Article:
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How to Deal with Trespasses in the Body of Christ

By Dale A. Robbins

Mat 18:15-17 "Moreover if your brother sins against you, go and tell him his fault between you and him alone. If he hears you, you have gained your brother. {16} "But if he will not hear you, take with you one or two more, that 'by the mouth of two or three witnesses every word may be established.' {17} "And if he refuses to hear them, tell it to the church. But if he refuses even to hear the church, let him be to you like a heathen and a tax collector."

Many noted Christian scholars agree that the passage above contains one of the most neglected truths in the entire Bible. It is said that if all Christians would simply obey what Jesus said to do when a brother causes an offense against us, it would solve over half of all problems which exist in the church.

Why should we resolve differences between our brethren?

(1) To maintain peace in the body of Christ (Ephesians 4:1-3). Whenever there is friction and turmoil in the body, it distracts others from their spiritual progress and from receiving from God's Word. It creates an uninviting atmosphere for the church, hinders souls from coming to Christ, and can even grieve the Holy Spirit (Ephesians 4:30-32).

(2) So Satan cannot gain advantage over us (2 Corinthians 2:10-11). For our own spiritual well-being, we must be quick to resolve our differences between our brethren and forgive. Satan can hinder one's spiritual life, even deceiving them into walking away from the church or from the Lord, through harbored bitterness or unforgiveness (Matthew 18:35).

(3) To restore a Fallen Brother (Galatians 6:1). Christians must make every attempt to restore a brother or sister who has fallen into sin. Our love for our brother's spiritual well-being requires us to confront his transgression against us, so that he might be reconciled to God.

(4) To "gain" or reconcile with our brother (Matthew 18:15b). Every family knows what it is to have occasional spats or differences, but the ultimate goal is to make-up, reconcile and forgive, so that our relationship can be restored and not impaired.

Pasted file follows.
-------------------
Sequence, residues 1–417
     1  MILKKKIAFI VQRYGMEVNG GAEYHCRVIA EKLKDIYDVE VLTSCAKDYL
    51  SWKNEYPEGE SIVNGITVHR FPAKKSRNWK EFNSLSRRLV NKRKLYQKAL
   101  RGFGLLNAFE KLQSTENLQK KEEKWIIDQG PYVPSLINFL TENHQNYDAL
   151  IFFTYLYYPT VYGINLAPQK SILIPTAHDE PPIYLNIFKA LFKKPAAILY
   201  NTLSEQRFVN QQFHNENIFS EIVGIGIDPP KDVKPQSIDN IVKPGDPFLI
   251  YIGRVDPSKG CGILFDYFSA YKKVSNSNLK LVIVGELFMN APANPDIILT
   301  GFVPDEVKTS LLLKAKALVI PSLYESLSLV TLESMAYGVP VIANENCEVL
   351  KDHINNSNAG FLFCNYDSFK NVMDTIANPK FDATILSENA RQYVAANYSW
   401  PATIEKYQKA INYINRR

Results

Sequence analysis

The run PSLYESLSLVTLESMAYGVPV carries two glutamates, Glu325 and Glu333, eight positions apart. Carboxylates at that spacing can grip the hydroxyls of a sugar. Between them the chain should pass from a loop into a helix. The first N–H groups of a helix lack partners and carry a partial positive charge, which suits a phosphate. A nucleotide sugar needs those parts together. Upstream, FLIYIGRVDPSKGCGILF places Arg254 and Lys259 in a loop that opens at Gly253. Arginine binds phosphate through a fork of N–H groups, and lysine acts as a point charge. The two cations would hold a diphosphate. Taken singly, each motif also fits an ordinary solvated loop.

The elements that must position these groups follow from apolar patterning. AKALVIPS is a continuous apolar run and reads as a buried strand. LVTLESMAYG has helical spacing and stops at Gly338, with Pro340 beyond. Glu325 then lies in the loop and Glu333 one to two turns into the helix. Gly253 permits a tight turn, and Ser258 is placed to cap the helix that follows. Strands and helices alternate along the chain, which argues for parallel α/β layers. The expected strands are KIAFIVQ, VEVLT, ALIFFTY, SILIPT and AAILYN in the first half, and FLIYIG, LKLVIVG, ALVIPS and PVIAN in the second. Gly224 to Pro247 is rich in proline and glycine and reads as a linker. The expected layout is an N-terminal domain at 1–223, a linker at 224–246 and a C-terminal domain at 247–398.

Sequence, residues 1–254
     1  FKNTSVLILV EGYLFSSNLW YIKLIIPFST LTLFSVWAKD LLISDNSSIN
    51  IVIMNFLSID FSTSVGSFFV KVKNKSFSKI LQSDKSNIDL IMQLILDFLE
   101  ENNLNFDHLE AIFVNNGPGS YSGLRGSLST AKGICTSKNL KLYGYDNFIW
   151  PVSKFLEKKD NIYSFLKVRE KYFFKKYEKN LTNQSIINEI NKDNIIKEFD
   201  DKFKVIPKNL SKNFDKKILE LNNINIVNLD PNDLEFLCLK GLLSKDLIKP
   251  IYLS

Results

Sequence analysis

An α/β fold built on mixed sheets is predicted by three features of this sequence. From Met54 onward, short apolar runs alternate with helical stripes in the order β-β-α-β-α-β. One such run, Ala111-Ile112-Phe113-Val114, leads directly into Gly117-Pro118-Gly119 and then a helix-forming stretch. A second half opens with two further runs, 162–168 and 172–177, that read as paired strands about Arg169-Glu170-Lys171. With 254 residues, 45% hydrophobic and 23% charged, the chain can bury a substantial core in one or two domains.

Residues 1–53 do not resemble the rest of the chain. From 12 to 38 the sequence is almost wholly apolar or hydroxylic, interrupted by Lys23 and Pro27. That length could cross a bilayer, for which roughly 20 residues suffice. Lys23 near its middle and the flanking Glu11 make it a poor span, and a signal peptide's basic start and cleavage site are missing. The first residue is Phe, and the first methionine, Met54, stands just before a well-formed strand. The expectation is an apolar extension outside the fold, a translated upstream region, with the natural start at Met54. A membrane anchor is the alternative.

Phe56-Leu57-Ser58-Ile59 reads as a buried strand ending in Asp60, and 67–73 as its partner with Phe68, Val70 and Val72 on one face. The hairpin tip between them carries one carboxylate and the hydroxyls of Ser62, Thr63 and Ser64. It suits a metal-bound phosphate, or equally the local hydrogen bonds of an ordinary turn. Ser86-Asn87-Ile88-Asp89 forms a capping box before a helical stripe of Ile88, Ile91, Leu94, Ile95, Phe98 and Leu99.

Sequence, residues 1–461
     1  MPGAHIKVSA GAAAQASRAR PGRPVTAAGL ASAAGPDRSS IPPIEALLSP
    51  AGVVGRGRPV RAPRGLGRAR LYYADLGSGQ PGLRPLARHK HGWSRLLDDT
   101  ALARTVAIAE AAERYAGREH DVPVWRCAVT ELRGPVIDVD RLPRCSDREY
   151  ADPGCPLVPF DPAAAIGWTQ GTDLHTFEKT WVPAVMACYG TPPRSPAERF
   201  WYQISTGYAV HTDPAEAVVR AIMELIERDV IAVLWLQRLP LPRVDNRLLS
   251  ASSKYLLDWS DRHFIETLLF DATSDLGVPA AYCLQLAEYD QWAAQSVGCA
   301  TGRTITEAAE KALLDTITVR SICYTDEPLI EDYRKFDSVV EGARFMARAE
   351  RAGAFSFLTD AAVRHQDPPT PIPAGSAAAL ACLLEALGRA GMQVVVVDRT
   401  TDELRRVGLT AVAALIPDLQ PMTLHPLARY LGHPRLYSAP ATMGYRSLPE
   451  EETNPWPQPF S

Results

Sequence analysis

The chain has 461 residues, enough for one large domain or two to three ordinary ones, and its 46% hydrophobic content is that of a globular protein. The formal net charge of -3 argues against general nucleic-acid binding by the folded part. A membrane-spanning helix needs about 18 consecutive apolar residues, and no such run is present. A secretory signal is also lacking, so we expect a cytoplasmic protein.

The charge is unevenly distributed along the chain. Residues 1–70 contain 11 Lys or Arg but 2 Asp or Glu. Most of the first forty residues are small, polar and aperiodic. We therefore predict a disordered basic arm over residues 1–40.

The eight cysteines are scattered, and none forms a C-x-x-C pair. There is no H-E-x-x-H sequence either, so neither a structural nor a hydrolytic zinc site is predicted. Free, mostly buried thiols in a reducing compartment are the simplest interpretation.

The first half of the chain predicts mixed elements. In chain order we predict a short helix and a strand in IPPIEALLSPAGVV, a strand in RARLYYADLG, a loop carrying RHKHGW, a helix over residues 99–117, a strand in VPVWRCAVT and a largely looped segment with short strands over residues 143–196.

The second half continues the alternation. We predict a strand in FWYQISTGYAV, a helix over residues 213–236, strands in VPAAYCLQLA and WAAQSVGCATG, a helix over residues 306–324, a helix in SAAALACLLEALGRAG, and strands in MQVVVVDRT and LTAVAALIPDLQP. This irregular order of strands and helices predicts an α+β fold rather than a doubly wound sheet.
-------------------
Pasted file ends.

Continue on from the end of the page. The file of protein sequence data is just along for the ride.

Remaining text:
(5) So that an offender who has perpetrated sin, might be held accountable from repeating similar offenses (Luke 17:3). Another important purpose in confronting our offender, or if necessary "taking one or two others" or by "telling the church" (Matthew 18-15-17), is for the well-being of the church and all parties involved. Our attitude must not be merely to seek retribution for our offense, but to hold the transgressor accountable for his actions, so this pattern will not be repeated, either by this offender or by others who see no consequences to similar behavior.

First, go to your brother privately (Matt. 18:15)

If a fellow Christian has sinned or brought an offense against you, Jesus said for you to first go to the offending party, confront them with the offense, and keep the matter private between yourselves. Remember, the objective is not merely to seek justice for a violation against us, but to seek "reconciliation" between our brother, and his restoration to a right relationship with God.

Why is the matter to be first kept private between you two? Because our love for our brother requires it. If we are sincerely committed to love for our brethren as Jesus commands (John 13:34), then even if a brother has sinned against us or has done us wrong, we would not want to hinder his restoration by damaging his reputation within the body. If this person's transgression against you is circulated within the body, but later he repents, many in the body will have already judged this brother and the accusations will have damaged their opinion of him. By spreading our accusation against an offending party, it builds a consensus against them and makes it difficult, if not nearly impossible, to restore that person to the body should they repent and desire to make things right.

Also, many alleged trespasses between brethren are a result of "misunderstandings." We need to first investigate the facts and find out for sure whether a trespass has really occurred. This is another reason why you are to first go privately to the brother in question -- to confront him with the alleged offense and hear his side of the story. If we disclose the offense to friends in the body, we may later discover that the matter was only a misunderstanding. But by then, their reputation will have been damaged by our allegations.